NantWorks, the Culver City company controlled by Los Angeles Times owner Dr. Patrick Soon-Shiong, has purchased a minority stake in Daybreak, the San Diego game developer behind multiplayer online franchises including “EverQuest,” “Star Wars Galaxies” and “H1Z1.”
NantWorks will also have a controlling interest in a new joint venture with Daybreak called NantG Mobile, which will develop and publish mobile versions of Daybreak’s games and publish new titles across platforms. It will assume control and management over Daybreak’s most popular game, the PC-based “H1Z1: Battle Royale,” which has more than 12 million players. Soon-Shiong will serve on the Daybreak board.
As part of the company’s expansion into the gaming sector, NantWorks will be able to hold e-sports events in the company’s L.A. Times Center, the 100,000-square-foot building adjacent to the Times headquarters in El Segundo. The L.A. Times Center will also contain The Times’ video and podcast studio and a multipurpose event space.
The Times said it plans to beef up coverage of e-sports. “The growth of virtual sports has been explosive,” Times Executive Editor Norman Pearlstine said. “We look forward to covering all the major games companies, including Daybreak.”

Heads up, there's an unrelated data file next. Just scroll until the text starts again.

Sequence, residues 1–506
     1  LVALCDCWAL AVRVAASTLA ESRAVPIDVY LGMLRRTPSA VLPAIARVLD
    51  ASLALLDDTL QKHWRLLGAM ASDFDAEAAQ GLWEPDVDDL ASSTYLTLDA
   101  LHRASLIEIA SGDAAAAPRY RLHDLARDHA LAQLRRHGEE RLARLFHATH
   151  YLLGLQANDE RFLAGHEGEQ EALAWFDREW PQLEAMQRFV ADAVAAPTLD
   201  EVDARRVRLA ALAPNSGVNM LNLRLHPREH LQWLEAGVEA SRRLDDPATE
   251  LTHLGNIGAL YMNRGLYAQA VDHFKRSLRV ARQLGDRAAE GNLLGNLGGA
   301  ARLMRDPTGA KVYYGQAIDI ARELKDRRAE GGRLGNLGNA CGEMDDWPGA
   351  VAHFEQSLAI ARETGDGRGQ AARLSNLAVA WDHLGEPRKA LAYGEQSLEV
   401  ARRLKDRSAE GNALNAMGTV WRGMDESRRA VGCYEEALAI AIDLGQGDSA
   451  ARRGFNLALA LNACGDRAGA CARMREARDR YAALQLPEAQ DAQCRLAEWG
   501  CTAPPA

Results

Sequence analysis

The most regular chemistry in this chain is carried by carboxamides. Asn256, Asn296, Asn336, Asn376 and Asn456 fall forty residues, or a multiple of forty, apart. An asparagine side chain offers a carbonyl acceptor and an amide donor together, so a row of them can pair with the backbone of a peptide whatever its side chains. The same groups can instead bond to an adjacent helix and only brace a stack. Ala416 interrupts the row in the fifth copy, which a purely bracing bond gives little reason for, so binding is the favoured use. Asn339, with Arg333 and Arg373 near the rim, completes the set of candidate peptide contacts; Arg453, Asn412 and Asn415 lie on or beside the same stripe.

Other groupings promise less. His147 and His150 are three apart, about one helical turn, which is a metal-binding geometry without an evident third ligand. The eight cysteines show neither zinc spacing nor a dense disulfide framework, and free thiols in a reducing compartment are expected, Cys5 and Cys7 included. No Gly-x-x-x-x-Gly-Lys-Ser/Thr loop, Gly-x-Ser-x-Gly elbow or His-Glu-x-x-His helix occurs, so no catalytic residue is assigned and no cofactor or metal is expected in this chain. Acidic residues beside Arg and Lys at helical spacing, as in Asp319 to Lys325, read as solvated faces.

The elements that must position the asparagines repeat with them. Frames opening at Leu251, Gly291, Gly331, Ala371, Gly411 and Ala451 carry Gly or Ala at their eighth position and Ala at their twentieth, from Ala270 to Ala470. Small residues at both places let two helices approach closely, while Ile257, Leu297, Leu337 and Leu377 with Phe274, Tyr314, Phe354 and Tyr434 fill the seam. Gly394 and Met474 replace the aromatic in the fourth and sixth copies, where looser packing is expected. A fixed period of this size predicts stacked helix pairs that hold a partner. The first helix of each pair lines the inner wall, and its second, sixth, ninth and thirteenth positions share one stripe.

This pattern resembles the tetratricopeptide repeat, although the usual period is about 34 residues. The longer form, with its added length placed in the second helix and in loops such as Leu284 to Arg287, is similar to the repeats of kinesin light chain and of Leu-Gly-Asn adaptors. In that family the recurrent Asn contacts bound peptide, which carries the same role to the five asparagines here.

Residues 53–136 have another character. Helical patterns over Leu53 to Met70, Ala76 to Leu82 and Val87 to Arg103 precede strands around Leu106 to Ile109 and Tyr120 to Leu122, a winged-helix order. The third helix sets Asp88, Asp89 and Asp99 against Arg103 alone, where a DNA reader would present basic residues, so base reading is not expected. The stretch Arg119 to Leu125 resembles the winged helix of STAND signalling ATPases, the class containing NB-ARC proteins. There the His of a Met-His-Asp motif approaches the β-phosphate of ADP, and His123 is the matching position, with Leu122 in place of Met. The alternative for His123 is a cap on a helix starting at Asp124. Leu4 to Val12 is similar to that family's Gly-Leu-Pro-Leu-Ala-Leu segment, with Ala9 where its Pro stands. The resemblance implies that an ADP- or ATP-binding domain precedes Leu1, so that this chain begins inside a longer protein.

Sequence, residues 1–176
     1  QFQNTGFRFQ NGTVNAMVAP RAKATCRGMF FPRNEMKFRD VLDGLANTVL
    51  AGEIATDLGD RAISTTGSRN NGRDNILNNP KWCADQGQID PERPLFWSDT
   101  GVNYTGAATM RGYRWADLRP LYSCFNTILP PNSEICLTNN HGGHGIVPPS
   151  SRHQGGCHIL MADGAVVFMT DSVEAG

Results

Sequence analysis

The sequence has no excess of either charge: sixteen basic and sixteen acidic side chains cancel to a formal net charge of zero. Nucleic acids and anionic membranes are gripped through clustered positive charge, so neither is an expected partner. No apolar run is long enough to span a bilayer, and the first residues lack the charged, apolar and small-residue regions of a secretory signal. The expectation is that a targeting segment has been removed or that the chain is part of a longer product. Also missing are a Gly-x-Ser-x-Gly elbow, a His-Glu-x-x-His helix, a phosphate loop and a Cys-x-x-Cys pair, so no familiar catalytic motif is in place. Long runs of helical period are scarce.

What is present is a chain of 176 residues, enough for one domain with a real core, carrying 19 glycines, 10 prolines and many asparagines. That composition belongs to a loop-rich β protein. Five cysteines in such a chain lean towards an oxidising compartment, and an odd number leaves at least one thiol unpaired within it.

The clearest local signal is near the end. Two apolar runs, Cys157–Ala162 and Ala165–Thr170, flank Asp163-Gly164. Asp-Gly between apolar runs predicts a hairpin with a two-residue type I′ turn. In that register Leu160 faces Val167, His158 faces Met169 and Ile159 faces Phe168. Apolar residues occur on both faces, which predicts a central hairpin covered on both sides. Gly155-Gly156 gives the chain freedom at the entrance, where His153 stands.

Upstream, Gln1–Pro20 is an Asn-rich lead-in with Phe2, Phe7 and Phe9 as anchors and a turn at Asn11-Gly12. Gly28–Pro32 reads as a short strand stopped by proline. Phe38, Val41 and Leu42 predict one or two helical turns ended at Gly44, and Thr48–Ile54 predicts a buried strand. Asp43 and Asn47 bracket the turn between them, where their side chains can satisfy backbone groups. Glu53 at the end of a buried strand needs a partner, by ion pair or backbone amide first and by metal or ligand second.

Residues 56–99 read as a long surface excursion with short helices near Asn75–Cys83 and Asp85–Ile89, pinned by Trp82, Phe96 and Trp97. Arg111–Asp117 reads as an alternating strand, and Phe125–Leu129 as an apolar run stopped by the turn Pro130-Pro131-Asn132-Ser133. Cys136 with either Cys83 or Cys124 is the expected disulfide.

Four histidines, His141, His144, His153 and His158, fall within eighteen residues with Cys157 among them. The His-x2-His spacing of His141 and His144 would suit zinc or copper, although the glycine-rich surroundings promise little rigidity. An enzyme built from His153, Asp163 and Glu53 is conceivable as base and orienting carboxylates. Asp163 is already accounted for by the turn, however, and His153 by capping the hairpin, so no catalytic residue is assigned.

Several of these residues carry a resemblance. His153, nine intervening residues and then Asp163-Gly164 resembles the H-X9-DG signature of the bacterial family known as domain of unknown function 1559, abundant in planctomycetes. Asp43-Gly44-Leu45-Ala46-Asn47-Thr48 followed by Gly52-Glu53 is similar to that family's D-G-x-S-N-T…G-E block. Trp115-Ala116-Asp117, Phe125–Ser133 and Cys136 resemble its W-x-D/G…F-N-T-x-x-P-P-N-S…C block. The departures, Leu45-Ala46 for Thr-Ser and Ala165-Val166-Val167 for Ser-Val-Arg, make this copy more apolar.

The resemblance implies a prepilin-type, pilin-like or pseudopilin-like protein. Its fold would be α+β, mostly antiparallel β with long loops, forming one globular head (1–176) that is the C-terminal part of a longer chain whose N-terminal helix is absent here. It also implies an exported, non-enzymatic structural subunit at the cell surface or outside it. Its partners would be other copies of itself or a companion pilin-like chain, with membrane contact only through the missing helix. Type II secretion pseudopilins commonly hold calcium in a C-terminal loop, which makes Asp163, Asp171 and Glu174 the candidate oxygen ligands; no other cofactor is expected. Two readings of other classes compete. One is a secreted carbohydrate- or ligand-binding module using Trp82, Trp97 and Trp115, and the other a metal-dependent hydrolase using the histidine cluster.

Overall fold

Soon-Shiong, a physician and entrepreneur, bought the Los Angeles Times this year through his investment firm Nant Capital.
Soon-Shiong sees the move into mobile gaming as a natural extension of the technology and infrastructure developed under two of NantWorks’ other subsidiaries: NantMobile, which has built mobile camera-based augmented reality technology, and NantStudios, a digital production studio and facility with its own fiber optic network.
“The idea was: Imagine if you took this game, which has reached this level of popularity with millennials, and then integrate it with a large amount of technology that we have built,” Soon-Shiong said. “The opportunity to build a new mobile platform, which I think is the future, is very exciting.”
A NantWorks spokeswoman declined to put a value on the investment.